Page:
During the pandemic, Citymobil’s market share has grown significantly. One reason for this is that we offer a cool and high-quality service, but additionally there were also structural factors. The pandemic hit two large segments hardest of all – these being corporate demand, as a result of many employees starting to work remotely, and the higher classes of taxi – this being Comfort +, Business class. The business class service was actually banned in Moscow for a while during the pandemic. In these segments, our competitors are bigger than us as we focus on Economy class at this stage, and therefore they were hit harder.

After the recovery in demand, we again slightly lost market share, but this was outweighed by the level of growth that we had enjoyed and we still have higher share than pre-COVID operations. According to the recent data from the Moscow Transport Department, Yandex Taxi in August has around 67.7 per cent rides per day, Citymobil – 23.1 per cent per day, and Gett – 5.8 per cent per day. 

At the same time, we now see new challenges on the market – for example, the launch of the Chinese ride-hailing service Didi, which started operations in some Russian cities  in August. However, we have already been preparing for this launch for several months and do not fear a new competitor.

To understand what is now happening on the Russian market, you need to imagine that Google and Facebook have their own ride-hailing services. Both Russian ride-hailing companies claiming leadership, Citymobil and Yandex, are part of two separate ecosystems. Citymobil is a part of JV in food and transport tech established in 2019 by Sberbank (the leading Russian bank which is in the process of transformation to a tech ecosystem) and Mail.ru Group, which among other assets owns the largest social networks in Russia (VK which has 73 million monthly active users and Odnoklassniki which has 42 million as of June).

A user calling a taxi is trying to move in the most convenient, cheap and fast way from point A to B and that could be solved in a number of ways

Yandex Taxi is owned by Yandex which is Russian Google – the leading search engine and technology giant. Access to the ecosystems of these companies provides us a huge advantage in terms of user acquisition and financing, as well as access to partnerships with the services within the ecosystem.

For Citymobil, being a part of the financial ecosystem of Sberbank helps us to negotiate leasing terms for the cars and tie them to our platform. Having access to the Mail.ru ecosystem, we began to actively develop ride-hailing service with VK, Russian largest social network. VK Taxi allows users to order a taxi within a social network, share payments with their friends etc. In July alone, users made 1.3 million trips through VK Taxi. Imagine Facebook Taxi – we are already developing such a thing in Russia.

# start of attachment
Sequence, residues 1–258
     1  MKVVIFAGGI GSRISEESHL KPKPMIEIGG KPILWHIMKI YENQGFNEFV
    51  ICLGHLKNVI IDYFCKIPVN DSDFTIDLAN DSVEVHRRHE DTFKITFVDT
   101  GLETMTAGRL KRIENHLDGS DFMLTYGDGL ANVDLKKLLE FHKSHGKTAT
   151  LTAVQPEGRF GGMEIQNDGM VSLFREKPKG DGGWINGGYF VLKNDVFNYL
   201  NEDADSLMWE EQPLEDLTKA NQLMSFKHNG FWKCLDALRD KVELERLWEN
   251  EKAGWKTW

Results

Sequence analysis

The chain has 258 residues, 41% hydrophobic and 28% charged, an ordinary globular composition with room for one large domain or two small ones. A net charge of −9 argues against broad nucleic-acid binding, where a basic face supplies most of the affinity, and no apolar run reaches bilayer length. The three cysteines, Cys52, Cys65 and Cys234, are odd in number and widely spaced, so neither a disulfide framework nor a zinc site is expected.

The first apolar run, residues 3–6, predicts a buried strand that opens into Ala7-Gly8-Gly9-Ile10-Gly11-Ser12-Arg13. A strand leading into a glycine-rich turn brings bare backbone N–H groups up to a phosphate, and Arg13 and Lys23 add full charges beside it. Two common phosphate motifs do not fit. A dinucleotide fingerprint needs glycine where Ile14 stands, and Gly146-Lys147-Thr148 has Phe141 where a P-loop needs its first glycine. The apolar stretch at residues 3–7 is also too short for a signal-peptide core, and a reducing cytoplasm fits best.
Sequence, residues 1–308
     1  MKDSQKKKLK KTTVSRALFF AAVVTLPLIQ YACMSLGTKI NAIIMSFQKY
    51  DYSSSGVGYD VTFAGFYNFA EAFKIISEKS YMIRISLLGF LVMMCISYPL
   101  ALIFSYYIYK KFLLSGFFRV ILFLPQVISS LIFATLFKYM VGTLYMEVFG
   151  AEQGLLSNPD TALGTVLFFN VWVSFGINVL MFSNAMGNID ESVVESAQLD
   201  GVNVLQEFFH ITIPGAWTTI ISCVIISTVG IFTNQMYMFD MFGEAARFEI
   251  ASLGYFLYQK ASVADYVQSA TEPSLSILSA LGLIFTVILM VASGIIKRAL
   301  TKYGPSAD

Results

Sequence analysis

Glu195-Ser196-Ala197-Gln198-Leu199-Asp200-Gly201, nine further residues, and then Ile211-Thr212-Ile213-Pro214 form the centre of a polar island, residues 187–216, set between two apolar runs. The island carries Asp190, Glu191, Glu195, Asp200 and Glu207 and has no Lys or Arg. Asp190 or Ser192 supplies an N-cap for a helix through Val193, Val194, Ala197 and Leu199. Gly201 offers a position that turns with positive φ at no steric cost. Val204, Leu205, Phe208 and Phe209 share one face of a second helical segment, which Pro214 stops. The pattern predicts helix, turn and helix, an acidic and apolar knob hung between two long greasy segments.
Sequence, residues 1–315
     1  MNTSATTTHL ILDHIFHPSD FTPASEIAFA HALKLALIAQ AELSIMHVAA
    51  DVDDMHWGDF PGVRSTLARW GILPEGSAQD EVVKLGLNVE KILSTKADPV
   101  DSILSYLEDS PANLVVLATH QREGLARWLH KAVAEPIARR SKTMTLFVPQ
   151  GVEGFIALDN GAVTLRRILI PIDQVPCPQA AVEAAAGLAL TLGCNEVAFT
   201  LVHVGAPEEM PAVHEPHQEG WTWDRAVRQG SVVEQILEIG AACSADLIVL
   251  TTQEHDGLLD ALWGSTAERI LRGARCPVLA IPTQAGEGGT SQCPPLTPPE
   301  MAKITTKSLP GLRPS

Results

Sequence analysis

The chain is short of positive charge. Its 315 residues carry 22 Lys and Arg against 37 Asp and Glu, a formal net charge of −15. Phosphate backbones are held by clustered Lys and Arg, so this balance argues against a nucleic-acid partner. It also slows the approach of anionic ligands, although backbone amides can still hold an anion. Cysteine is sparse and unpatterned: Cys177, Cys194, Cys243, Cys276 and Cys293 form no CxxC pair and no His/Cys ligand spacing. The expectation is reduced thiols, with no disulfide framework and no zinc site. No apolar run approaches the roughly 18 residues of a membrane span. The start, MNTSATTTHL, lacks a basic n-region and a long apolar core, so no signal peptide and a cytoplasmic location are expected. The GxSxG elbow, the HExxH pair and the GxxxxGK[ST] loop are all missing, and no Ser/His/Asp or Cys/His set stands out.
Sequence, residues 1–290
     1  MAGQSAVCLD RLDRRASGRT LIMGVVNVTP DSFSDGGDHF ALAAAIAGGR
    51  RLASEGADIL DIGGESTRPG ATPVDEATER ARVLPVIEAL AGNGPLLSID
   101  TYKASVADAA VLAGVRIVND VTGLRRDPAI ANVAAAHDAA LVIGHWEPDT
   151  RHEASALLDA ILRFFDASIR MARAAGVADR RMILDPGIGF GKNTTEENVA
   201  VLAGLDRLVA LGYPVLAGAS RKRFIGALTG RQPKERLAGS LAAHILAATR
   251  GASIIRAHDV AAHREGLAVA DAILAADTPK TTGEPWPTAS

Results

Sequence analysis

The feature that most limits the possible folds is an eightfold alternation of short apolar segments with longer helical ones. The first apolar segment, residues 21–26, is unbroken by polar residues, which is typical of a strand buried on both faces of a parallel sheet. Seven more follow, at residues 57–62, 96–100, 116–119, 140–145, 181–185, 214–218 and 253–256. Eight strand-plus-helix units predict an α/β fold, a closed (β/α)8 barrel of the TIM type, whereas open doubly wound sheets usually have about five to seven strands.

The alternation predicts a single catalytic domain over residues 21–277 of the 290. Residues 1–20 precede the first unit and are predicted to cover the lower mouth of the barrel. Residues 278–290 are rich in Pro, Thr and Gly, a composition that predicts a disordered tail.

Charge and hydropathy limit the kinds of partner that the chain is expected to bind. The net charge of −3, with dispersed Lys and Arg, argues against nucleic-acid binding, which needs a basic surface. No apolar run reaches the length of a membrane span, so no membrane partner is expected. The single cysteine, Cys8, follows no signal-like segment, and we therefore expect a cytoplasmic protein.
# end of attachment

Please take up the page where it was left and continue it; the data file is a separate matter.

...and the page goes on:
It’s not easy to compete with players having such support, but there is another aspect – geo data, routing and navigation services. Yandex has arguably the best maps system in Russia, which has been developed for more than 10 years and it is clear that they will not allow access to them for competitors. We use the combination of HERE and 2GIS (joined Sberbank ecosystem in August 2020) data and additionally our own algorithms to develop routing, dispatch and navigation. However, it has already taken us two years and there is still a lot to do to increase the quality of our geo services.

Russian ride-hailing is still at the stage of rapid growth

We also believe that the future of urban transport is multimodal. A user calling a taxi is trying to move in the most convenient, cheap and fast way from point A to B and that could be solved in a number of ways. In addition to taxi services, Citymobil has already launched an integration with the e-scooter rental service Urent in a number of cities, which allows our users to choose this option for short-distance rides or for recreational purposes. We are also working on an integration with the carsharing service YouDrive, which is part of Mail.ru and Sberbank JV.

Car sharing in Russia is more popular than in most markets of the world. Moscow is among the top three cities in terms of carsharing usage and we believe after COVID-19 more and more people are going to use this service as an alternative to public transport. We are also negotiating integration with public transit systems.

Yandex has also currently launched one integrated app for different types of urban mobility including ride-hailing, carsharing and public transport. So, we believe it is where the Russian market is currently moving towards.

Biography 

Vitaly Bedarev joined Citymobil as Operations Director in 2018. During his tenure Citymobil experienced exponential growth (x4 YoY in rides august 2020 vs august 2019) and became a top two nation-wide ride-hailing company vs working in Moscow only as of end of 2018. Prior to Citymobil he worked as General manager at Uber in Moscow and director in consulting firm Strategy Partners Group.